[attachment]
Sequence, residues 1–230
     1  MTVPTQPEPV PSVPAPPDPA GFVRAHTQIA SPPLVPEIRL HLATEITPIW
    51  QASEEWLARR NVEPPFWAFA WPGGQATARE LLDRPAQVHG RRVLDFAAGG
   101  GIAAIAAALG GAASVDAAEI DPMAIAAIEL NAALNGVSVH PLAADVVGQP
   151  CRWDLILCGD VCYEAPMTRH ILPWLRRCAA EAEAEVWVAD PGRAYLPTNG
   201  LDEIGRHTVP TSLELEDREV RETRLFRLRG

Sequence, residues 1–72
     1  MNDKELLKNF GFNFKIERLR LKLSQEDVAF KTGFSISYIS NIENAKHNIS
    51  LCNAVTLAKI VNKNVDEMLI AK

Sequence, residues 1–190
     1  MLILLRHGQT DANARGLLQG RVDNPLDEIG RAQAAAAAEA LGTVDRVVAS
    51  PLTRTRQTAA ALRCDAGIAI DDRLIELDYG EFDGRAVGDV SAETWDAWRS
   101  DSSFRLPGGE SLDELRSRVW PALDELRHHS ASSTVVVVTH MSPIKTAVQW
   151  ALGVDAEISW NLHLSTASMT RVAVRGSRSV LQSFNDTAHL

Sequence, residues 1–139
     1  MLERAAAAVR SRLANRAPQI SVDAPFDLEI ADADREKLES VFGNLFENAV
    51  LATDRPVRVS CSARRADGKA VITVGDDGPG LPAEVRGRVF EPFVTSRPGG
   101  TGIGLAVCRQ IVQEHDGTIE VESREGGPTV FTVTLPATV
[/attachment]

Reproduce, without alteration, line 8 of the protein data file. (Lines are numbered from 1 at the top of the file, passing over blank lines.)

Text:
     1  MNDKELLKNF GFNFKIERLR LKLSQEDVAF KTGFSISYIS NIENAKHNIS